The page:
The NCSL Blog

22

By Autumn Rivera

More afterschool and summer learning programs are offering STEM programs but many students lack access to them, according to a recent report.

Children working with teacherAfterschool Alliance reported how STEM-focused afterschool programs offer unique opportunities for youth in science, technology, engineering and math, including hands-on learning to reengage students as they transition back to in-person learning, connecting students to potential future careers, and empowering student agency and voice to build effective communication and teamwork skills. 

According to the research, girls and students of color are gaining more access to STEM learning opportunities. However, other inequities exist in access to STEM programming in afterschool between the lowest- and highest-income brackets. Barriers include the cost of programs, lack of transportations and lack of available programs. 

This data was collected before schools changed due to the COVID-19 pandemic and follow-up surveys were conducted later to see how programs responded to the challenges.  

America After 3PM, conducted by Afterschool Alliance, is a nationally representative survey of randomly selected adults who live in the United States and are the parents or guardians of a school-age child who lives in their household.

Beginning in 2004, Afterschool Alliance has periodically released their America After 3PM report which has provided the most comprehensive national and state-specific account of how children and youth spend their afterschool hours. The surveys went out to 31,055 households.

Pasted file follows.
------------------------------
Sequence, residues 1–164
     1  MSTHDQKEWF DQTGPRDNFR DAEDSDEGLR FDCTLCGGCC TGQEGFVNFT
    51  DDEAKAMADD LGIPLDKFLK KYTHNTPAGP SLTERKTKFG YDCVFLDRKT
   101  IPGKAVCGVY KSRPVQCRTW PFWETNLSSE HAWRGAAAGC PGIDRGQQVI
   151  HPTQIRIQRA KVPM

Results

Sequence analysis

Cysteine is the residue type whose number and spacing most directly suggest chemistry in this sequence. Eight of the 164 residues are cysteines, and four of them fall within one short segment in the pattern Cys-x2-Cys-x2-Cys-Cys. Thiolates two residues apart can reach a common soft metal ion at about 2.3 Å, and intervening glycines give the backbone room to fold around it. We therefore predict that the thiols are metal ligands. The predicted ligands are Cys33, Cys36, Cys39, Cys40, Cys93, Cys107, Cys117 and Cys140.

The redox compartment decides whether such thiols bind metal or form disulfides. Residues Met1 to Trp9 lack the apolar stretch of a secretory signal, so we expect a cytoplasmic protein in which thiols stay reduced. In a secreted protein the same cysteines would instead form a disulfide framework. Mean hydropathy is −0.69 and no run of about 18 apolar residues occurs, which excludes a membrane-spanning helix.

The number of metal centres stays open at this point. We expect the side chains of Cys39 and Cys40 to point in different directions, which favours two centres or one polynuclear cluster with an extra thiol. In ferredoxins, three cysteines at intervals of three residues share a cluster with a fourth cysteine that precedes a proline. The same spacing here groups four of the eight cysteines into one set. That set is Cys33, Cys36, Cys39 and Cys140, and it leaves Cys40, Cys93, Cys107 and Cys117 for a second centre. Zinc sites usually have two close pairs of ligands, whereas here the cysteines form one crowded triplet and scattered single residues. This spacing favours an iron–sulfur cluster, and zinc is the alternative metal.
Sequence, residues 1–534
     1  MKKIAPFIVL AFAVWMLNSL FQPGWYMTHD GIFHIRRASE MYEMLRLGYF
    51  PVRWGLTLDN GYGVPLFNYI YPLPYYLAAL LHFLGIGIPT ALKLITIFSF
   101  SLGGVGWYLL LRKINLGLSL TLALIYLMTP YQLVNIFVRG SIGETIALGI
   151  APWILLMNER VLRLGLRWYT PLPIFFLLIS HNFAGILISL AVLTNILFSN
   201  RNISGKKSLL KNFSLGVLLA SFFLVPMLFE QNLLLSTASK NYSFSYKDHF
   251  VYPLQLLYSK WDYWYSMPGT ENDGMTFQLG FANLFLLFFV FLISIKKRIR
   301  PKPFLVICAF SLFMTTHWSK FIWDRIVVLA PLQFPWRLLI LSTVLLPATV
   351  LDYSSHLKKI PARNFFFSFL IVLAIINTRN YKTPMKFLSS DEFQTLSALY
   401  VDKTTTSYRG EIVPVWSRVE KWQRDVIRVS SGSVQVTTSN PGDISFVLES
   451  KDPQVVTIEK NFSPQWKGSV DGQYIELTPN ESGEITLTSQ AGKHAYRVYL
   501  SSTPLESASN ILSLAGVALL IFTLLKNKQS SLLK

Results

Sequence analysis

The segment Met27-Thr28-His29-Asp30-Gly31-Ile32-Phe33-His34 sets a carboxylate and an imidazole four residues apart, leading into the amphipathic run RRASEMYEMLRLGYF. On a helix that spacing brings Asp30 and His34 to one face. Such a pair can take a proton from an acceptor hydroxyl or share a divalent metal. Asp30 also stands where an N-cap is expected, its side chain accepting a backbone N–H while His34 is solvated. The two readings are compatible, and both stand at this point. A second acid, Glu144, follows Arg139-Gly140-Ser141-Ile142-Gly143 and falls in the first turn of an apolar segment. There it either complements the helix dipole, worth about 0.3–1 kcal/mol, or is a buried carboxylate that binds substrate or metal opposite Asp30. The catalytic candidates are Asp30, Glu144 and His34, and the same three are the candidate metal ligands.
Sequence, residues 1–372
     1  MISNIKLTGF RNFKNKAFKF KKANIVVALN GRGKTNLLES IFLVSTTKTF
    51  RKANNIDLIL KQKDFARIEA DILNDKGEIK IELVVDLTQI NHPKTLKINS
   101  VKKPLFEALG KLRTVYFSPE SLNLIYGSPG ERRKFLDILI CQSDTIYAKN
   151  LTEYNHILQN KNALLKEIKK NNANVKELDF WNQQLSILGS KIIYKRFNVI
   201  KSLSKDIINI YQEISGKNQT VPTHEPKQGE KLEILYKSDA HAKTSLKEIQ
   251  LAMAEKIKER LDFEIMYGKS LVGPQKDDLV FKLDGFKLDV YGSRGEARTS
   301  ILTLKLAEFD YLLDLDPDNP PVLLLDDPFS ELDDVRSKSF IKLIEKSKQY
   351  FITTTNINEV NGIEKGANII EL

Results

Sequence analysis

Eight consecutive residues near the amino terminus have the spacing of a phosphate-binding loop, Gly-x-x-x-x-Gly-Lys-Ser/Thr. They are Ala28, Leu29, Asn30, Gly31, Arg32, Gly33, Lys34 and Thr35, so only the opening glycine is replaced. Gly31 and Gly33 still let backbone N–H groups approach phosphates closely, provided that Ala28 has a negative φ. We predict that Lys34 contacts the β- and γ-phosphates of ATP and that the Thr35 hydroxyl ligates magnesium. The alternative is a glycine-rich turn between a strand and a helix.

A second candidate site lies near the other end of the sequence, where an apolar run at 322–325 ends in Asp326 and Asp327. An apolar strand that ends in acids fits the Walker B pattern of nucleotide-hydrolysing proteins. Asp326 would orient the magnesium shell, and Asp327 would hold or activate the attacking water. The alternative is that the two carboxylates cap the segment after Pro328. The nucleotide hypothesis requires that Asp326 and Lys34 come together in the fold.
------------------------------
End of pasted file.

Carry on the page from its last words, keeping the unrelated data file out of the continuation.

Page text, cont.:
Since 2014, Afterschool Alliance has been collecting data on STEM through its America After 3PM report. The report has provided the most comprehensive national and state-specific account of how children and youth spend their afterschool hours. To learn more about their American After 3PM report, check out this blog

Afterschool and summer learning programs give students the opportunity to experience a variety of hands-on learning techniques that they may not get to experience during a traditional school day.

Students who are able to attend high-quality afterschool programs that have a focus on STEM programming have shown to increase their STEM skills and offer a higher likelihood of graduating and pursuing a career in STEM. These programs have also been shown to be effective in engaging diverse student populations that are underrepresented in the STEM field, particularly girls and minority students. STEM afterschool programs allow for partnerships among schools and the community including libraries, museums, universities and businesses.  

Policymakers have used legislation to provide more STEM-focused learning to groups that otherwise would not have access. One way is by offering funding through grant programs for STEM-related programs.

Back in 2016, Maryland passed HB 116 to create the Education Robotics Grants program. This was designed to offer grants to public schools or nonprofits in the community who wanted to partner with public schools to offer robotics clubs. In 2019, Maryland passed SB 180, which expanded the program from a minimum of $250,000 a year to $500,000.